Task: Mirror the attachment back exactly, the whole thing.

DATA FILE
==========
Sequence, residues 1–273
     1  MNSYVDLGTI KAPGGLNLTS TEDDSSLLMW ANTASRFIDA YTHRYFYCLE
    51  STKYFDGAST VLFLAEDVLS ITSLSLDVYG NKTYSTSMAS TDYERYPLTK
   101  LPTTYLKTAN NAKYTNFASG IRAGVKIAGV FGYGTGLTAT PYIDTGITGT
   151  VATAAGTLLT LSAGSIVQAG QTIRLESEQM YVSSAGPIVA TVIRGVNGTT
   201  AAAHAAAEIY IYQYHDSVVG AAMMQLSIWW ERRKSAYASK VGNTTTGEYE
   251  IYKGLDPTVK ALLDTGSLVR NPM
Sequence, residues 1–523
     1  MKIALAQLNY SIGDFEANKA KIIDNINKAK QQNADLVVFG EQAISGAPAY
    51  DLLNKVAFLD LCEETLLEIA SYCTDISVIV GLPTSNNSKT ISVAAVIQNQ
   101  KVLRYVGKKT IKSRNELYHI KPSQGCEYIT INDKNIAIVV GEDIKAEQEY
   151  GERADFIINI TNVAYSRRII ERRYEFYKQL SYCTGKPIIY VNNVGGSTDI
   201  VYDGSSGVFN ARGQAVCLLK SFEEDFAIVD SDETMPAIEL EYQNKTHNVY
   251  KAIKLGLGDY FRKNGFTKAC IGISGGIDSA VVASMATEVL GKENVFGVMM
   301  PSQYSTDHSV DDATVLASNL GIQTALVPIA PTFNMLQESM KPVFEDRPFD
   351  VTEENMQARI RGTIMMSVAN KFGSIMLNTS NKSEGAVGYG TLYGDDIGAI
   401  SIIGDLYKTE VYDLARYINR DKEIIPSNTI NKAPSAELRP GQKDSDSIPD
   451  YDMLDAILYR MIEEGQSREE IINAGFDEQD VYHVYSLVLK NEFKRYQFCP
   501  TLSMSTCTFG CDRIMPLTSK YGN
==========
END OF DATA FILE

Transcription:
Sequence, residues 1–273
     1  MNSYVDLGTI KAPGGLNLTS TEDDSSLLMW ANTASRFIDA YTHRYFYCLE
    51  STKYFDGAST VLFLAEDVLS ITSLSLDVYG NKTYSTSMAS TDYERYPLTK
   101  LPTTYLKTAN NAKYTNFASG IRAGVKIAGV FGYGTGLTAT PYIDTGITGT
   151  VATAAGTLLT LSAGSIVQAG QTIRLESEQM YVSSAGPIVA TVIRGVNGTT
   201  AAAHAAAEIY IYQYHDSVVG AAMMQLSIWW ERRKSAYASK VGNTTTGEYE
   251  IYKGLDPTVK ALLDTGSLVR NPM
Sequence, residues 1–523
     1  MKIALAQLNY SIGDFEANKA KIIDNINKAK QQNADLVVFG EQAISGAPAY
    51  DLLNKVAFLD LCEETLLEIA SYCTDISVIV GLPTSNNSKT ISVAAVIQNQ
   101  KVLRYVGKKT IKSRNELYHI KPSQGCEYIT INDKNIAIVV GEDIKAEQEY
   151  GERADFIINI TNVAYSRRII ERRYEFYKQL SYCTGKPIIY VNNVGGSTDI
   201  VYDGSSGVFN ARGQAVCLLK SFEEDFAIVD SDETMPAIEL EYQNKTHNVY
   251  KAIKLGLGDY FRKNGFTKAC IGISGGIDSA VVASMATEVL GKENVFGVMM
   301  PSQYSTDHSV DDATVLASNL GIQTALVPIA PTFNMLQESM KPVFEDRPFD
   351  VTEENMQARI RGTIMMSVAN KFGSIMLNTS NKSEGAVGYG TLYGDDIGAI
   401  SIIGDLYKTE VYDLARYINR DKEIIPSNTI NKAPSAELRP GQKDSDSIPD
   451  YDMLDAILYR MIEEGQSREE IINAGFDEQD VYHVYSLVLK NEFKRYQFCP
   501  TLSMSTCTFG CDRIMPLTSK YGN